The process was similar, but instead of a wood drill bit we used the larger concrete drill bit to go through the wood and mark a hole in the drywall. We ended up counter sinking these since the screw head was so large (and bright blue).

Once the hole was marked, Brad came back in with the concrete bit to drill it all the way through.

Then we placed the supports back on, lined them up and secured them onto the wall.

Perfect! Brad climbed up the wall on them to make sure they were secure—these babies aren’t budging.

Next came the fun part—adding the shelves! We measured the wall carefully and cut them about 1/8″ shorter so that they would slide right in without damaging the wall. No one will notice a 1/16″ gap on either side.

Once the first row was in, we drilled a pilot hole through each end of the boards…

Then secured them to the supports (don’t mind the one missing screw in this photo… we didn’t forget 🙂 )

It was so exciting to see it all coming together!

I’m loving the contrast of the natural wood against the dark gray beadboard.

We still need to add quarter round trim to the corners where the beadboard meets the wall, which I’ll do after we get the baseboard in.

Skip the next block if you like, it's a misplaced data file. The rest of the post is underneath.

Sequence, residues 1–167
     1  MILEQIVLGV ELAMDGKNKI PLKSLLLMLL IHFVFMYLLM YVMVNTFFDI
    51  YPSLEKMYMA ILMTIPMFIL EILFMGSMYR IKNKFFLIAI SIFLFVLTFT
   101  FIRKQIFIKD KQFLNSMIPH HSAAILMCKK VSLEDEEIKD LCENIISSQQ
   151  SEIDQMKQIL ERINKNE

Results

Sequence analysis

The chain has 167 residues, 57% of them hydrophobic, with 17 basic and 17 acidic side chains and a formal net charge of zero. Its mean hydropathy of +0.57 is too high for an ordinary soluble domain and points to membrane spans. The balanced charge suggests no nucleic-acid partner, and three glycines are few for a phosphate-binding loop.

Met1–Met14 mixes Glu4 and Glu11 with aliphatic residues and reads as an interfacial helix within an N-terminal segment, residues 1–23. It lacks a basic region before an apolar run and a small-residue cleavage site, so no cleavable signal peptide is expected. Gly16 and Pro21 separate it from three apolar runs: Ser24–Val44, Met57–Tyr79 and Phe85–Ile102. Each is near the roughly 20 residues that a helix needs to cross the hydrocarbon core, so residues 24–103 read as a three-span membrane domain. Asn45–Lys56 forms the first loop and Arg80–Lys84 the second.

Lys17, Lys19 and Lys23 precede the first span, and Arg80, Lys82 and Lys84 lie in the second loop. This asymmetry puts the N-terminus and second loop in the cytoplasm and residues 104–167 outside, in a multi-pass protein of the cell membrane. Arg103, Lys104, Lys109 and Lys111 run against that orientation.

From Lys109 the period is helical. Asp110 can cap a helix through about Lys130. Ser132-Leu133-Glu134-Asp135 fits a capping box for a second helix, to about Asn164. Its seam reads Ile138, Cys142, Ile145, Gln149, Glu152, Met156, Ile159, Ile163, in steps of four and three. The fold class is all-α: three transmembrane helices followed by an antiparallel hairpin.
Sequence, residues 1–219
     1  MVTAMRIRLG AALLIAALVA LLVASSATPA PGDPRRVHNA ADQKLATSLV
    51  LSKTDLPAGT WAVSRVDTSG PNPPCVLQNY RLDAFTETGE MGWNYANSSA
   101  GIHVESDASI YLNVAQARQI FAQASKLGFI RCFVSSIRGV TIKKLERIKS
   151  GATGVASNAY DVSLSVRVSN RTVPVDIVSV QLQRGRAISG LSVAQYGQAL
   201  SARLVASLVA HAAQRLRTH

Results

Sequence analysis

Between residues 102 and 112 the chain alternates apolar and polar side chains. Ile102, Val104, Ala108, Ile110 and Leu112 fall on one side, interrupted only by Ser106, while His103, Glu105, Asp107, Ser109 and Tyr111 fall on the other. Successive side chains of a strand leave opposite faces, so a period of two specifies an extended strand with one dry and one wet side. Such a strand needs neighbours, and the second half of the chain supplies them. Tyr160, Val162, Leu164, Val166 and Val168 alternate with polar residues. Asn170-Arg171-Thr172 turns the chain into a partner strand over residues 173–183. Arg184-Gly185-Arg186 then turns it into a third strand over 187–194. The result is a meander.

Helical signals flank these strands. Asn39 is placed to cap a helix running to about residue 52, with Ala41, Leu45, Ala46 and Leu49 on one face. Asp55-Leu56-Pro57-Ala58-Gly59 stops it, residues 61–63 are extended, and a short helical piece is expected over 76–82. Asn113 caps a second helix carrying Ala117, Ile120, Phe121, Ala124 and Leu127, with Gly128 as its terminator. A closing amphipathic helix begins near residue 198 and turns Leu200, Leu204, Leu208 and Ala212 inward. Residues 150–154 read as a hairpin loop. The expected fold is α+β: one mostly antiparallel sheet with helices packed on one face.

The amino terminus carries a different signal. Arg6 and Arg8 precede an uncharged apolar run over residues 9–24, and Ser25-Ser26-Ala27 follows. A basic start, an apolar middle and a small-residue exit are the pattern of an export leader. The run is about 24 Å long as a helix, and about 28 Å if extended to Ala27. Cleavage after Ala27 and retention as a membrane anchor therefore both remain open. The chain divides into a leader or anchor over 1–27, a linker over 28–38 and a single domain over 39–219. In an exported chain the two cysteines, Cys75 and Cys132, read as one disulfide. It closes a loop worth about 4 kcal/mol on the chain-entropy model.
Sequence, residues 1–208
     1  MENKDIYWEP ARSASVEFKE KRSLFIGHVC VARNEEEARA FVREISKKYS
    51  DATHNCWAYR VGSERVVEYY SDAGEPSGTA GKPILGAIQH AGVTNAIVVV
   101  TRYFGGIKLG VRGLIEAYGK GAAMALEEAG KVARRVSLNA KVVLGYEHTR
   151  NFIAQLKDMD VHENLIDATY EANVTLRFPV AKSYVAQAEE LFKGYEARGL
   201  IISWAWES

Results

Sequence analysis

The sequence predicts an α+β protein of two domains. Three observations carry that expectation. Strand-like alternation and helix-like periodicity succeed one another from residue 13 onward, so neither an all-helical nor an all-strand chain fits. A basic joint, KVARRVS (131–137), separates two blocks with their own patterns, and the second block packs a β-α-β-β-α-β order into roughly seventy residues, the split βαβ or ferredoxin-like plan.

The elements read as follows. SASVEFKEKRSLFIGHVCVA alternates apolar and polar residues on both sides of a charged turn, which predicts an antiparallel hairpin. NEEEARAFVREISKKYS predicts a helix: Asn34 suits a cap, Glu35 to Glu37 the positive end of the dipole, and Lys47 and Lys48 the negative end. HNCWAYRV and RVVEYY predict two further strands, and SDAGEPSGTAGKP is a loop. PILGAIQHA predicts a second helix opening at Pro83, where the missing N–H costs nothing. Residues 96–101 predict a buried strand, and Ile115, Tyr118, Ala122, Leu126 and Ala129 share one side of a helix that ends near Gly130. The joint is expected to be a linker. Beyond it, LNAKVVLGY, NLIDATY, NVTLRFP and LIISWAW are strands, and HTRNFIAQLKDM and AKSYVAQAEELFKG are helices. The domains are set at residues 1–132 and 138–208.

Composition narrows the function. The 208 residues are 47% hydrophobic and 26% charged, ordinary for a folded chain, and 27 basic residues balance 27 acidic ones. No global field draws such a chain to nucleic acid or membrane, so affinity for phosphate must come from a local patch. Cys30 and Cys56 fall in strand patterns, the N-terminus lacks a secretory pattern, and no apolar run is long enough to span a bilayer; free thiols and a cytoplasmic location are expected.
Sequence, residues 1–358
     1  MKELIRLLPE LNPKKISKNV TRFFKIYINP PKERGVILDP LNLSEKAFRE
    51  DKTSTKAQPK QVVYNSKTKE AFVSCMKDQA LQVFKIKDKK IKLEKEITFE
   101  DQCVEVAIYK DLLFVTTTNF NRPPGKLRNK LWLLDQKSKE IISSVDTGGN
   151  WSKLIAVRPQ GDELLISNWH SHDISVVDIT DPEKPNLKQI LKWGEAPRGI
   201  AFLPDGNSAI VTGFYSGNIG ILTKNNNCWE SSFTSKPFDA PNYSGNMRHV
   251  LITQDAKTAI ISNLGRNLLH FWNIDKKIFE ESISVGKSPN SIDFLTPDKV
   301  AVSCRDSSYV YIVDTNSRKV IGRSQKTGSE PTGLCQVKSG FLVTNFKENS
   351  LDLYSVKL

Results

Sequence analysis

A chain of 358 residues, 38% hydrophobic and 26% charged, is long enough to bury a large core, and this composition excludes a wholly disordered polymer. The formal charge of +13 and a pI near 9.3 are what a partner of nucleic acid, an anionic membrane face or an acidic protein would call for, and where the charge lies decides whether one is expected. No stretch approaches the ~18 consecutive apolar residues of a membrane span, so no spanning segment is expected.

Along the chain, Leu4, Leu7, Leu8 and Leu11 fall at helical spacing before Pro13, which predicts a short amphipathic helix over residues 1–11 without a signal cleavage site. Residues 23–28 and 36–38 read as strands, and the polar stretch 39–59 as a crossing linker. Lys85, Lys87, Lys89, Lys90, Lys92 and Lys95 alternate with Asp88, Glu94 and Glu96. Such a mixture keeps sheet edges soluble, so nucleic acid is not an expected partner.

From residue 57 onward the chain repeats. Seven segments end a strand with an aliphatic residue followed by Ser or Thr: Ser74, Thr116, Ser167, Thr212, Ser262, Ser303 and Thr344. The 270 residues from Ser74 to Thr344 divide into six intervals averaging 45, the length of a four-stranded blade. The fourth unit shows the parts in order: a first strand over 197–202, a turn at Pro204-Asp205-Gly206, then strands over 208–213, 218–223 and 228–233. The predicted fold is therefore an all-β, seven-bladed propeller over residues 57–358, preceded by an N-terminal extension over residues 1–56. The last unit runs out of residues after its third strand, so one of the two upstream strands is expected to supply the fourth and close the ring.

Finally… bringing a bit of life to this laundry room!

Even though this isn’t an accurate representation of the size of this space, I had to throw in a wide angle shot so you can see everything at once:

I’m going to have some fun organizing in here.

What you don’t see are the matching picture frame ledges we built on the opposite wall. They might be the easiest wood project ever and I can’t wait to show you how to build them, and the full finished (for now) storage room photos later this week! I’m trying to resist the urge to start filling up those shelves right away so I can save it for the big reveal… but I have a feeling I’ll lose that battle 🙂

Check back in Thursday for more DIY storage/display solutions!

5 thoughts on “New Laundry Room: DIY Wood Storage Shelves

  1. wow, you mean no one has commented on this post before me? well let me be the first to congratulate you on a project well done. I like this so much, I’m going to try to do a similar treatment in my closet someday! love the colors!

  2. Found you via Pinterest. 🙂
    I found it fascinating that I just put shelves in a closet myself, following the EXACT same steps, except for the concrete element. My supports, everything. I did put a horizontal support piece along the back, though, because I thought my 42″ span was too long without it.

    I must ask, how do you plan to prevent these from bowing under the weight of stuff? I am thinking I might do some 45 degree pieces underneath, but have never liked the look. I also entertain the idea of putting a 1×2 piece along the front edge to stiffen the boards. They look too cool to have them fail.

    What’s your plan? Or are you just going to wing it? 92″ is a HUGE span to expect a 3/4″ board to stay. But you never know…?

  3. This is gorgeous! Can you tell me how to make sure that the supports on each side are level with one another? Is it better to measure down from the ceiling, up from the floor, or something else all together?

    Thank you!